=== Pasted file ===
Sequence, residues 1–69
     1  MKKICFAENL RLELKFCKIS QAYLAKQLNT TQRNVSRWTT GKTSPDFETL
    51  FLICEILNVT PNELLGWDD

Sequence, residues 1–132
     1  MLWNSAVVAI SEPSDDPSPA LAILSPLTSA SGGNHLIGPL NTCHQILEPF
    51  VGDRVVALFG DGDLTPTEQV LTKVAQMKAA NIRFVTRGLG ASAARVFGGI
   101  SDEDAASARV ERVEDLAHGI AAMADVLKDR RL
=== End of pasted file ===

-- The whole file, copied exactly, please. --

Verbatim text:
Sequence, residues 1–69
     1  MKKICFAENL RLELKFCKIS QAYLAKQLNT TQRNVSRWTT GKTSPDFETL
    51  FLICEILNVT PNELLGWDD

Sequence, residues 1–132
     1  MLWNSAVVAI SEPSDDPSPA LAILSPLTSA SGGNHLIGPL NTCHQILEPF
    51  VGDRVVALFG DGDLTPTEQV LTKVAQMKAA NIRFVTRGLG ASAARVFGGI
   101  SDEDAASARV ERVEDLAHGI AAMADVLKDR RL